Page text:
Duke, Deceit and Rehnquist

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Nancy Grace has no idea what happened in the Duke lacrosse sexual abuse case. Neither does Tucker Carlson. Ditto for Rush Limbaugh.

And neither do I. Nor does anyone else, save the lacrosse players or the strip…er, exotic dancer, though they appear to disagree. Was it rape? Did she lie? Was there another kind of assault? Is she looking for attention?

Don't know. Can't possibly know. Wish everyone -- from MSNBC's Joe Scarborough to CNN's Wolf Blitzer to District Attorney Mike Nifong -- would stop talking about it.

But conservatives emboldened by Duke case prosecutor Mike Nifong's apparent ethical lapses should not deny one aspect of the case that rings resoundingly true: There almost certainly were racial taunts that night. And those black Duke students who came forward afterward to talk about feeling uncomfortable on their overwhelmingly white, wealthy campus were certainly telling the truth too.

Honestly, I don't have a clue whether any of the three players charged in the case harbors a racist bone in their body. But after spending five years -- wonderful years, actually -- working in Charleston, S.C., I can tell you two things about race and deceit in the old South.

One, that racism is still very much alive, lurking where you don't expect it.

And two, nobody is ever honest about it.

Five years in Charleston, five quick examples.

While working as a reporter and anchor for the CBS affiliate in town, I went to have drinks with my girlfriend and a new friend from her work. It took about 27 minutes of innocuous conversation and then …BAM! She said it. Apparently, my girlfriend and I passed some secret John Birch Society test we didn't know we were taking. Out of nowhere, her new friend called a white politician (I've completely forgotten whom) a "N - - ger lover." Charming girl. That's one.

Number two came on a Sunday, riding in an SUV marked with the TV station's call letters. The cameraman and I pulled up next to a black family in another car with four very young children dressed in their Sunday best. Four-year-olds in suits are probably heading to church, I figured. Very cute. They waved enthusiastically at the news truck. I smiled and waved back. Then the cameraman said it, a word I hadn't heard before or since. "Niglets," he observed.

Ben Mankiewicz is host of "The Young Turks" on Air America Radio.

Here's three -- it involved middle-aged woman who worked for Charleston County. I was chatting with her, stalling before some council meeting about the growth of businesses on upper King Street, a predominantly black part of town. "They cross the street slower in front of white drivers, to slow us down," she said.

I swear I'm not making it up. She thought she'd uncovered a citywide, slow-walking black conspiracy.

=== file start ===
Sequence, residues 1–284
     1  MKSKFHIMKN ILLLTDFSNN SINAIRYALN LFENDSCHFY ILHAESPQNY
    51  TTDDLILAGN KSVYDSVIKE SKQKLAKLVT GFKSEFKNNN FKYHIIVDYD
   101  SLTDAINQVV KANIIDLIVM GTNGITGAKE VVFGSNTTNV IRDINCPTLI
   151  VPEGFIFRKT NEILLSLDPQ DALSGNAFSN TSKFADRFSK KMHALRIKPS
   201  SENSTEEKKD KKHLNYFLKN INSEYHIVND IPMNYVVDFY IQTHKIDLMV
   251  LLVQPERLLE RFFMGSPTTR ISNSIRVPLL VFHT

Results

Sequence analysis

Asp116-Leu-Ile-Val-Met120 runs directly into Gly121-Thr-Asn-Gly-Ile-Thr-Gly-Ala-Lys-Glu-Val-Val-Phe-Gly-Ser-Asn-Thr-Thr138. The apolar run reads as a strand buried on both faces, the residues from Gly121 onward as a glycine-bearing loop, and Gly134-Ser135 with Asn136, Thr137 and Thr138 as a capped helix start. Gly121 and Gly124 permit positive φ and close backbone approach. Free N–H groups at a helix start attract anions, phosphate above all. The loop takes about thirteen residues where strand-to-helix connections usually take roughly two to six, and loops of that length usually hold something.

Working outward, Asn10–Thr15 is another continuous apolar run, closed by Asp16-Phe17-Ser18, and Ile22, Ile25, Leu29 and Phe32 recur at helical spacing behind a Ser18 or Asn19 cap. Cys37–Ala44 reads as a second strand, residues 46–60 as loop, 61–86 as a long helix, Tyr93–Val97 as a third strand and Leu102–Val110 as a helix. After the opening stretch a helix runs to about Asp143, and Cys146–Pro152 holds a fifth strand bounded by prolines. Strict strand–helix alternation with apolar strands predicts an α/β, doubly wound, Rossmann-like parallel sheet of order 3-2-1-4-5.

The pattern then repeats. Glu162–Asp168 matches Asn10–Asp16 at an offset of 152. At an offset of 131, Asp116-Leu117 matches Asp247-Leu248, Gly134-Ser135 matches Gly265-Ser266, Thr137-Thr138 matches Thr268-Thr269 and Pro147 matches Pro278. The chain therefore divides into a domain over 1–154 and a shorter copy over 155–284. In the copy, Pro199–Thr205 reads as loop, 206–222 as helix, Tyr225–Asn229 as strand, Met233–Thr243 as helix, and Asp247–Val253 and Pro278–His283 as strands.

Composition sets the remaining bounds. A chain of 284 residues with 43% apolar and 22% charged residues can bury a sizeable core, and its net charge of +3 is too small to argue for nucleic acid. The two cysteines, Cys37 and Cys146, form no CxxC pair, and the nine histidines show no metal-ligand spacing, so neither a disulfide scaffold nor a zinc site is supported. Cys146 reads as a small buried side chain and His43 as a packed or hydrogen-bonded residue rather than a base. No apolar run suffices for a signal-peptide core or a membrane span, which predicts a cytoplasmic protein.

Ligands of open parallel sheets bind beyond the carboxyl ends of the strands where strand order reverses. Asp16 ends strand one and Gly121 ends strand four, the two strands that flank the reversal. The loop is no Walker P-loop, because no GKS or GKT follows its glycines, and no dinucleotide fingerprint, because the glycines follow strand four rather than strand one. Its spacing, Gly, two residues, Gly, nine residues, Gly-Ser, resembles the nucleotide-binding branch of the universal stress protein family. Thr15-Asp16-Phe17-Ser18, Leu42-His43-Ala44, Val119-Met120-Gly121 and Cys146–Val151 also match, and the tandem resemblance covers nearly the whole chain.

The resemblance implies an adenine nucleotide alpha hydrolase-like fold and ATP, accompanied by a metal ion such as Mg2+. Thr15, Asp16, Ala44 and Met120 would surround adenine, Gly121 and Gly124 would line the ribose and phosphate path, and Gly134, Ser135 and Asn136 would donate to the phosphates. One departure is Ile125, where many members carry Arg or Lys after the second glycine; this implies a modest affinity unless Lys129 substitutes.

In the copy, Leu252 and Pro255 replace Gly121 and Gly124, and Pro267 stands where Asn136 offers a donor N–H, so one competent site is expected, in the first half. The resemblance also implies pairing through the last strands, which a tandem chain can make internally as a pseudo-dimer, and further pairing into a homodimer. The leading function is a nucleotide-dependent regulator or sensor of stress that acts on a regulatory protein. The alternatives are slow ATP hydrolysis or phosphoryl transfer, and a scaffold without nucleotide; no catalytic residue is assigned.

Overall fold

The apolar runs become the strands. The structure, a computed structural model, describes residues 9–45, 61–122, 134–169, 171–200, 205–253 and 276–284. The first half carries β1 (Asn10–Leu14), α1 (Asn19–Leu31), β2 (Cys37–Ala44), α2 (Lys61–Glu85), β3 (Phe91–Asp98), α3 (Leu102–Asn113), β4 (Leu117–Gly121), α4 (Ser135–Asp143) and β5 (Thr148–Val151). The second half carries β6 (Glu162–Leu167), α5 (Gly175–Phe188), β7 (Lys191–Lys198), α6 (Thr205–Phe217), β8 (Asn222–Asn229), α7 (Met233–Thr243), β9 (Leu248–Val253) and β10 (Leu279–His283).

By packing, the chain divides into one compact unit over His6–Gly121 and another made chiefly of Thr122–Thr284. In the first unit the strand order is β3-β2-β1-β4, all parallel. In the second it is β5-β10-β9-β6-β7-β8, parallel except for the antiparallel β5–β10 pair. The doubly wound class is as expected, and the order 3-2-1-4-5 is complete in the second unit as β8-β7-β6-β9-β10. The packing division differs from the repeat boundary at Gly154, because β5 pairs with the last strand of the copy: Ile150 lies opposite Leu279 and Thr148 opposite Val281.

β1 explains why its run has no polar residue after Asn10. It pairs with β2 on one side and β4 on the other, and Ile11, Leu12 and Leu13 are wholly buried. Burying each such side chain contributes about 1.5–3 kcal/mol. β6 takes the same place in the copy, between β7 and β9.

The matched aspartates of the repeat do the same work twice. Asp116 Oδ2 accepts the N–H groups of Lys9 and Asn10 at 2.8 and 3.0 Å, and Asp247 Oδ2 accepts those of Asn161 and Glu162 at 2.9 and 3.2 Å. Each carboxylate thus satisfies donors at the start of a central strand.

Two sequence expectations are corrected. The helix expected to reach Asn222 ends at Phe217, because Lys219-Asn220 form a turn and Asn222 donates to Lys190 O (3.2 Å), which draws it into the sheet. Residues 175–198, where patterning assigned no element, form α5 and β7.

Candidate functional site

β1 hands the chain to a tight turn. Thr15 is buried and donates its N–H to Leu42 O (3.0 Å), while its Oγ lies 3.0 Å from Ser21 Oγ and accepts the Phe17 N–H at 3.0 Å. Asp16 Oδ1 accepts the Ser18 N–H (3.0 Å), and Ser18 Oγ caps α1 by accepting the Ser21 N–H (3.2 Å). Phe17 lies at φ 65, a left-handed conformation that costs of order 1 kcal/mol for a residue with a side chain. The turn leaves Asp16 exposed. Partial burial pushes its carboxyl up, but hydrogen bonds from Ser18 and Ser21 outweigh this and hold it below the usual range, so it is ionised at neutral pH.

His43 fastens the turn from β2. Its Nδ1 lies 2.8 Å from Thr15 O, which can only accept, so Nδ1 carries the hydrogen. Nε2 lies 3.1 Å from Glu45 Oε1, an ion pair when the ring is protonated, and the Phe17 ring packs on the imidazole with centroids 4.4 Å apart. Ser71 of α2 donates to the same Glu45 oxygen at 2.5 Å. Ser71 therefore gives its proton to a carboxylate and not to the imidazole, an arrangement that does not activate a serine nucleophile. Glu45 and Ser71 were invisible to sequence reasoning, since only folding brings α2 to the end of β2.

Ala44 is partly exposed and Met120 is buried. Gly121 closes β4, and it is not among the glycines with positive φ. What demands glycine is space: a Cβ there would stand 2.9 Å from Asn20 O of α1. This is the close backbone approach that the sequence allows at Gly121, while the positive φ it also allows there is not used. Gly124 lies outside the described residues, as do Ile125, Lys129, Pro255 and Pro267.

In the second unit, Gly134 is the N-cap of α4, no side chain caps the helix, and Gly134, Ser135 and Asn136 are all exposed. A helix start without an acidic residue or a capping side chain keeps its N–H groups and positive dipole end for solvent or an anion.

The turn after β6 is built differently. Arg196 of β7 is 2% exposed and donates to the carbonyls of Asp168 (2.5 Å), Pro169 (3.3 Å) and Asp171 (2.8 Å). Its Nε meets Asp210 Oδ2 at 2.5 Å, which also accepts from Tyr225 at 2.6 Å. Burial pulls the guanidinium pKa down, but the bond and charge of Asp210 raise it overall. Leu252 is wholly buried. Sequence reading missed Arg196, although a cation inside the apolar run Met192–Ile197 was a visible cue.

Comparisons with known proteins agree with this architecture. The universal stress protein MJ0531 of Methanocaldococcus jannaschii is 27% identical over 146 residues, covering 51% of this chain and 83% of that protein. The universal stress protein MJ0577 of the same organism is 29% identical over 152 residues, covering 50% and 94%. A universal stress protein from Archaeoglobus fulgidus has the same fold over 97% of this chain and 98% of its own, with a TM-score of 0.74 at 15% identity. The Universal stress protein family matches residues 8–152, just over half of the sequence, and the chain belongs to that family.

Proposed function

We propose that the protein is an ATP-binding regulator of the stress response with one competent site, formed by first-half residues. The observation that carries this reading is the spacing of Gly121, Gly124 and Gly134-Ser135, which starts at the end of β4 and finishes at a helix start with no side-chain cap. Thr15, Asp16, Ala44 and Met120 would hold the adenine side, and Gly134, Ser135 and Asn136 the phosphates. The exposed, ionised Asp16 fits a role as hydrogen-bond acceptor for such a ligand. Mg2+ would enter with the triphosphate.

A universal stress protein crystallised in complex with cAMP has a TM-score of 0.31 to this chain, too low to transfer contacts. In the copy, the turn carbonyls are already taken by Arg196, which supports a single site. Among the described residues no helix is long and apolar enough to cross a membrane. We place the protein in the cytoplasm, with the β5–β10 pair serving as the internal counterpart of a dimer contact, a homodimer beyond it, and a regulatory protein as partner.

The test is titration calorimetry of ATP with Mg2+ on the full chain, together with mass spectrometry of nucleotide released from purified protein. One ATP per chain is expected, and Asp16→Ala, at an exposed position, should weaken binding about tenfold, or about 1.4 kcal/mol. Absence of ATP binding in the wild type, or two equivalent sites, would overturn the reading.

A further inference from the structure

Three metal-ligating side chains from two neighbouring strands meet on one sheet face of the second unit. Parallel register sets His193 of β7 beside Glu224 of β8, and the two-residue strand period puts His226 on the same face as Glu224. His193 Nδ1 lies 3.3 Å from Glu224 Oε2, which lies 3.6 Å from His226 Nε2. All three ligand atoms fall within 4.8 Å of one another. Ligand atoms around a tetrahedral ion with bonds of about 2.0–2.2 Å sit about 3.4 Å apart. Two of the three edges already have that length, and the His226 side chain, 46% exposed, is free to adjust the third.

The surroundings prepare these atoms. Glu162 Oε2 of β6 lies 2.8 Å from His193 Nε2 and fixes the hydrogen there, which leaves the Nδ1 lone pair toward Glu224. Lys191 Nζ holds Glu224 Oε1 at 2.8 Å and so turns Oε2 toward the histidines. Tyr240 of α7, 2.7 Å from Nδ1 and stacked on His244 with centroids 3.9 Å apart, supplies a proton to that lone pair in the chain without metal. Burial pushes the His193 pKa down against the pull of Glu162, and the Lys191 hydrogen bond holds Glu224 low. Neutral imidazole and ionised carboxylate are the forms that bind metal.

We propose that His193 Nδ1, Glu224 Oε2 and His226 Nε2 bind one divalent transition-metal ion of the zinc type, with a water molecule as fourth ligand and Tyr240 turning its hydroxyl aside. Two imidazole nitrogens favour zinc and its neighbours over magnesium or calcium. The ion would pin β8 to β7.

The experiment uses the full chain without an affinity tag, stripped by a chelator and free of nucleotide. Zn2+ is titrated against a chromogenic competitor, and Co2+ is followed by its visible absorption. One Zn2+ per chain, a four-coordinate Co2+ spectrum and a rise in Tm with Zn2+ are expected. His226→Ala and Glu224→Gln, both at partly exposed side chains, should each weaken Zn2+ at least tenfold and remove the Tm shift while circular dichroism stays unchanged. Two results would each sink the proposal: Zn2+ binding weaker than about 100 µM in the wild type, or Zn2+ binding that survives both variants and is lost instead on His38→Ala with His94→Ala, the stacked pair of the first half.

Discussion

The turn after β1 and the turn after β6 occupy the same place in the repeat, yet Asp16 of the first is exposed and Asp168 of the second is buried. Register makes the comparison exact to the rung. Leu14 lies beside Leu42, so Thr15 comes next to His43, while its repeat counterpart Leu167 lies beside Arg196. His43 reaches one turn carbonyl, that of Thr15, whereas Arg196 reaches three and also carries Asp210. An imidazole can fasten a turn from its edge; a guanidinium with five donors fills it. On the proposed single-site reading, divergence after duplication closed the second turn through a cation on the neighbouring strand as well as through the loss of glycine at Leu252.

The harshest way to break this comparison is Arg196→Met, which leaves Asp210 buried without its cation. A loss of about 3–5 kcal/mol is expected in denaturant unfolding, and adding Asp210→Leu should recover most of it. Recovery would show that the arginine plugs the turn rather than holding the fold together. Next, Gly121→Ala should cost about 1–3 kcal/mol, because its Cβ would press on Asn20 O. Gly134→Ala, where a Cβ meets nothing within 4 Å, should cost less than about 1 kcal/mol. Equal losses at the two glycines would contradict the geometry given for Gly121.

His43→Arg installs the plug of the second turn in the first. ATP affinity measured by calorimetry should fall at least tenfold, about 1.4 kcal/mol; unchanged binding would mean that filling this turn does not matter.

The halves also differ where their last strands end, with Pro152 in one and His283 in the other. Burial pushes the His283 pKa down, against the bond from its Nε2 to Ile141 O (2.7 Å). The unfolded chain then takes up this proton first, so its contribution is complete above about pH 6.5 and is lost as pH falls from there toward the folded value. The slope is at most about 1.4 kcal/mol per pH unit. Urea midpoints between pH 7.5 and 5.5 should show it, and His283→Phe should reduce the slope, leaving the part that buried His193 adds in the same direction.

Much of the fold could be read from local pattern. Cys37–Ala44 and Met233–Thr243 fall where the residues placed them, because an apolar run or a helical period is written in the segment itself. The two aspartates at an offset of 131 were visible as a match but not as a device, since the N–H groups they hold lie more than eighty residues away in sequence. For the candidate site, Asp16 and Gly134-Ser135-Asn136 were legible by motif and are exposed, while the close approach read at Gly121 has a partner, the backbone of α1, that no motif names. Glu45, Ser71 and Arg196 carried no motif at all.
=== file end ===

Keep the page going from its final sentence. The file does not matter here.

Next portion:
Next, another TV station employee, during a conversation about women. I mentioned a black woman I thought was attractive. "How many black women have you been with?" he asked.

"Two," I said ( It's now three, by the way. That's progress).

"Aren't they dirty…down there?"

Finally, number five: An elected official. A smart, sexy woman with whom I was flirting. We were on a date driving through the overwhelmingly black neighborhood that leads to the bridge that takes you to an overwhelmingly white neighborhood. At probably 30 mph, she hit the "lock door" button on the car. "Blacktown," she explained, as if it were obvious.

The thing is, all of these people would deny any racial animosity. The guy who asked the "dirty" question, in truth, knew as soon as the words left his mouth that he was harboring a ridiculous racial stereotype he'd picked up 15 years earlier in fourth grade. But the others? No, they weren't racists. How dare I even suggest it? And to be fair, I hardly challenged any of them. That's my own shame.

But, of course, everybody lies about race. Even chief justices of the Supreme Court. In those 1,500 pages of FBI files released under a Freedom of Information request was a bureau report from 1971. The documents show that the FBI knew the deed to William Rehnquist's home in Phoenix required he sell it to whites only. Rehnquist claimed in his 1986 chief justice confirmation hearings he'd learned of it only days earlier.

So the FBI knew but Rehnquist didn't? Please. He was also unaware of the restrictive covenant on his property in Vermont. That land couldn't be sold to "members of the Hebrew race." Wow, two homes, two racist deeds. And one of the country's great legal minds didn't know about either. Quite a coincidence.

Ben Mankiewicz is host of "The Young Turks" on Air America Radio.

Rehnquist clearly lied. Unless you're David Duke, Matthew Hale or Hutton Gibson, we all lie about our racism.

And though it's impossible to know what happened in that house just off the Duke campus, this much is clearly true: Like much of the south and much of the country, Duke University and the city of Durham have a serious racial divide. And the resolution of this case won't solve it, no matter what Nancy Grace says.

Ben Mankiewicz is host of "The Young Turks" on Air America Radio.